Alice Lynn McMichael, Director
A.L. McMichael is a specialist in late antique architecture and digital humanities, focusing on public scholarship and digital archaeology. Her current research explores spatial relationships in late antique and medieval rock-cut architecture in Turkey. Alice Lynn holds a PhD from The Graduate Center of the City University of New York (CUNY), where she also completed an interdisciplinary Medieval Studies Certificate. She earned an MA in art history from Brooklyn College and a BFA in graphic design from Auburn University. She has taught at Hunter College, Montclair State University, City College of New York, and Baruch College. Email Alice Lynn at mcmich17 [at] msu [dot] edu.
Graduate Research Assistants in LEADR collaborate with faculty and staff to incorporate digital projects into History and Anthropology classes. They design lesson plans, lead discussions, teach hands-on workshops, and mentor undergraduate researchers. As part of their assistantship, Grad Assistants undergo training in a variety of digital humanities methods and tools that enable them to be part of the wider Digital Humanities community at MSU.
Jen Andrella is a Ph.D. candidate in the Department of History. Her current research explores Montana Territory as a case study to connect late 19th-century territorial development in the American West, the sovereignty of Native nations, and the politics and policies of the Reconstruction Era. She utilizes ethnohistorical approaches that incorporate non-traditional documentary evidence like art, literature, and material culture which allows stronger representation of Indigenous culture and memory within US history. She is also pursuing the graduate certificate in Digital Humanities and her interests include text mining, digital mapping, spatial relationships, and large data analysis and visualization. In LEADR, she specializes in content management systems like WordPress and Omeka, data visualization tools, and DH pedagogical approaches.
Daniel Fandino is a PhD graduate student in the History Department. Daniel specializes in U.S. cultural history. His academic interests focus on the relationship between national identity, popular culture and technology. His other interests include digital history, the virtual and real world histories of computer games and the relationship between the Americas and East Asia. His most recent academic work is a chapter entitled “Remembering Fictional History and Virtual War in Eve Online” in Virtual Dark Tourism: Ghost Roads, published by Springer in 2018.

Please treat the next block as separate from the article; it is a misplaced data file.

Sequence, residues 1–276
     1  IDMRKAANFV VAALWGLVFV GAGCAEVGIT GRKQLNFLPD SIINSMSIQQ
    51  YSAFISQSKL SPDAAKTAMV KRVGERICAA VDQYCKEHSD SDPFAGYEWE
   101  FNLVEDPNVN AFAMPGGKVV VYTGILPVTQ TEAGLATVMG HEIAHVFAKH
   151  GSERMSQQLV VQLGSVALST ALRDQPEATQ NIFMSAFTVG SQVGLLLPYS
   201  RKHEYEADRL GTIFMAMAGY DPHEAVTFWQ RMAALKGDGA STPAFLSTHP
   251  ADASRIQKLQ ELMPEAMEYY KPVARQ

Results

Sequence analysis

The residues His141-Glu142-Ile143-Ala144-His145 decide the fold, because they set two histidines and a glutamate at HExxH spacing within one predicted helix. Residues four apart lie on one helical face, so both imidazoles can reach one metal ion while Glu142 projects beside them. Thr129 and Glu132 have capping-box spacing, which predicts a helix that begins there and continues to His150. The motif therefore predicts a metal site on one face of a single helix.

Contact Daniel at fandinod [at] msu [dot] edu
Zachary Francis-Hapner is a third year PhD candidate in the Anthropology department. His current research interests include the paleoethnobotany and environmental archaeology of the Midwest. But in terms of digital research, he is interested in data and how it is used in modern research. The means through which we describe, store, use, and visualize data have important consequences that Zach hopes to explore through his future research. Email Zach at franc230 [at] msu [dot] edu.
Grant Gliniecki is a 2nd year Ph.D. Student in the Anthropology department. His current research interests lie in combining Anishinaabe studies, existing Indigenous archaeologies (Internalist, community-as-peer, non-destructive), and Anti- and de-colonial global Indigenous practices like Indigenous futurisms to propose a mode of archaeology that is attentive and subordinate to Anishinaabe worlds, sovereignty, and futures. His work focuses on accessible and confidence-building interactions with digital design and media. Email Grant at email@example.com
Dani Willcutt is a third year doctoral student in the History Department where she specializes in food and labor history. She previously received her B.A. in History and International Relations from Grand Valley State University and, later, her Master’s in Gastronomy from Boston University where she wrote her thesis on the socioeconomic effects of the Kentucky Bourbon Trail on the surrounding communities. Dani’s current work revolves around Michigan’s restaurant workers and explores the dynamic lives of the creative and transient individuals whose hard work provides sustenance as well as entertainment to the hungry masses. Furthermore, Dani is interested in how digital tools and methodology can not only enhance research, but provide new avenues for presenting well-informed research to public audiences. Feel free to e-mail Dani at firstname.lastname@example.org
Brandon Locke, Former Director (2014-2019)
Brandon Locke is a Digital Social Science and Humanities Specialist. He was the the Director of the Lab for the Education and Advancement in Digital Research (LEADR) from 2014-2019. Brandon joined the History Department after earning a Master of Science in Library and Information Science degree at the University of Illinois at Urbana-Champaign, specializing in Digital Humanities and Data Curation. Prior to Illinois, Brandon earned a Master of Arts in History and Women’s and Gender Studies at the University of Nebraska-Lincoln in 2013, where he also received a Graduate Certificate in Digital Humanities.